There are fears people could be poisoned amid plans to use radioactive soil from Fukushima to build roads.
The country’s Environment Ministry wants to use the radiation-tainted material to rebuild a number of roads in the region that was devastated by a tsunami in 2011.
But the proposal has sparked fury among residents over fears they could be poisoned by the soil.
A briefing about the plans on Thursday saw angry scenes erupt, with locals in the city of Nihonmatsu yelling about how the roads will be “contaminated”.
Authorities have been desperately trying to convince people that it will be safe, saying the soil will be buried under clean earth that will “block” any harmful radiation.
“Don’t scatter contaminated soil on roads,” one resident yelled during a Thursday briefing by Environment Ministry officials in Nihonmatsu.
The officials repeatedly tried to soothe them with safety assurances, but to no avail.
“Ensuring safety is different from having the public feeling at ease,” said Bunsaku Takamiya, a 62-year-old farmer who lives near a road targeted for the plan. He claims the project will produce groundless rumors that nearby farm produce is unsafe.
Seven years after the March 2011 core meltdowns at the Fukushima No. 1 nuclear plant, Takamiya has finally been able to ship his produce in Fukushima without worry. Then the ministry’s soil plan surfaced, reports the Japan Times.
A woman in the neighborhood agrees.
“The nature and air here are assets for the residents. I don’t want them to take it away from us,” she said.
Under the plan, tainted soil will be buried under a 200-meter stretch of road in the city. The soil, packed in black plastic bags, has been sitting in temporary storage.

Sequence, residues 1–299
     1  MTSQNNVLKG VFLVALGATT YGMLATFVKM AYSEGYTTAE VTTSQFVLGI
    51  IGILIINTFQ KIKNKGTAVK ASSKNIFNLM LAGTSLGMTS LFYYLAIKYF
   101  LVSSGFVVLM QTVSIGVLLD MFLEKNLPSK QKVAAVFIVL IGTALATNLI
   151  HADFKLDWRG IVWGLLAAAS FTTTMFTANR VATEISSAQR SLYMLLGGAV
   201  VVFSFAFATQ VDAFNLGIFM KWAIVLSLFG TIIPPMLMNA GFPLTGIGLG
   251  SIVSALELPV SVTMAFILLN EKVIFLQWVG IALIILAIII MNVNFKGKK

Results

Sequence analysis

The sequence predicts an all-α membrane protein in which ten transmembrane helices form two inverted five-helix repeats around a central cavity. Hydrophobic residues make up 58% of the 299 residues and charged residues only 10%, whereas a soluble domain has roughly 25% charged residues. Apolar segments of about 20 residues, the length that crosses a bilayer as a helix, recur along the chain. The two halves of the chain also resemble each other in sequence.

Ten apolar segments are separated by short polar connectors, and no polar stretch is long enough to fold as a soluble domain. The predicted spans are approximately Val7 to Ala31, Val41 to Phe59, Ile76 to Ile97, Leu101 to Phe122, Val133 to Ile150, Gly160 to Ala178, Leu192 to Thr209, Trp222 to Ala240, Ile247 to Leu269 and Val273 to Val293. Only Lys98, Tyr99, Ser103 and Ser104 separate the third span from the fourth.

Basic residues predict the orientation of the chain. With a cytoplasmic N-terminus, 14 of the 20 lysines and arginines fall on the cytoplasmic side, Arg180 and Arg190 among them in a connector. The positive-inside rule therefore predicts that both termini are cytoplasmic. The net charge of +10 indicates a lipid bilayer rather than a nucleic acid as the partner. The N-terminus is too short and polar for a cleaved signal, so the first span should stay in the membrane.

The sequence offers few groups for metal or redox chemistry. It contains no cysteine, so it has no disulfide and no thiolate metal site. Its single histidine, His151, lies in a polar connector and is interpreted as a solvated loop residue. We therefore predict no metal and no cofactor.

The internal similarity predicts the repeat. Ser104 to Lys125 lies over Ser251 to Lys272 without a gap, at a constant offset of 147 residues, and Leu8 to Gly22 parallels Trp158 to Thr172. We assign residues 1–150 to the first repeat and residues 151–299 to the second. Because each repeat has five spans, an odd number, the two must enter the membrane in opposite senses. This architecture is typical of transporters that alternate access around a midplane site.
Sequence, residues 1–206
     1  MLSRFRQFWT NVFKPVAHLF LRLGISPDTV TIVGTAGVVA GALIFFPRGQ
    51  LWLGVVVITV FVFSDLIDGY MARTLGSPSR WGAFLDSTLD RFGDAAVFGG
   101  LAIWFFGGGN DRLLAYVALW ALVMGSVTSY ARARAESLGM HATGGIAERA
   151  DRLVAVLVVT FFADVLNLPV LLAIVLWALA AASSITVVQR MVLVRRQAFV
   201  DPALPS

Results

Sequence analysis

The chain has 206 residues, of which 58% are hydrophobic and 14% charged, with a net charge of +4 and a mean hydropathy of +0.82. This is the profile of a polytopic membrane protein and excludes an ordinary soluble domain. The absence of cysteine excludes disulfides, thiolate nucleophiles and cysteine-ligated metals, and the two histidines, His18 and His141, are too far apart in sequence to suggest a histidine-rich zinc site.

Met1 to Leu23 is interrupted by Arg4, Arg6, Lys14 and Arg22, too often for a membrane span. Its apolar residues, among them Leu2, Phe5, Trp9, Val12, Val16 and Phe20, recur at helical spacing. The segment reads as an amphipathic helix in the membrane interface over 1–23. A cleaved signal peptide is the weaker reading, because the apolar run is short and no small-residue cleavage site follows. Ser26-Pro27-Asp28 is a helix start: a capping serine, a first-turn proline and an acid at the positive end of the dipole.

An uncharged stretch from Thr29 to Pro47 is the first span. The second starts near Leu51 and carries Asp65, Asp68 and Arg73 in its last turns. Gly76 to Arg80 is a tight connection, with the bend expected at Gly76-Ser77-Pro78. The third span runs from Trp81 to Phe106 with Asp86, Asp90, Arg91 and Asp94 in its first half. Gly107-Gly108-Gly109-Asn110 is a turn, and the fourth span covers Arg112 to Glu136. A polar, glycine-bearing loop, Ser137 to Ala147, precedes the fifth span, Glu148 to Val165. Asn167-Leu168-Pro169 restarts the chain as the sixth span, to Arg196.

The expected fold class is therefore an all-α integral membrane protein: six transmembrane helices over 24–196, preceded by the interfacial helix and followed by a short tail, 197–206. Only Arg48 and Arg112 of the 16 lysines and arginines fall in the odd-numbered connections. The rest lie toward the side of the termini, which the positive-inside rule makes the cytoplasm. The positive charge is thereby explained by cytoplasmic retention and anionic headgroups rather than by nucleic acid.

The plan is to take about 500 cu. meters of the soil, bury it under the road at a depth of 50 cm or more, cover it with clean soil to block radiation, and pave over it with asphalt. The ministry intends to take measurements for the project in May.
Much of the Fukushima Prefecture has been a no-go zone after the earthquake and subsequent nuclear meltdown.
But the Japanese Government is still trying to encourage survivors of the disaster to move back to their homes in the area.
This is despite high levels of radiation being found, which has spread for miles.
Fears have even been raised about radiation from Fukushima entering the food chain and poisoning people.
In the last two years, highly-toxic Cesium-134 – the “fingerprint” of Fukushima – has been found in certain locations along the US west coast.
This is due to the vast quantity of contaminated water that was leaked into the ocean when the tsunami hit seven years ago.
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April 30th, 2018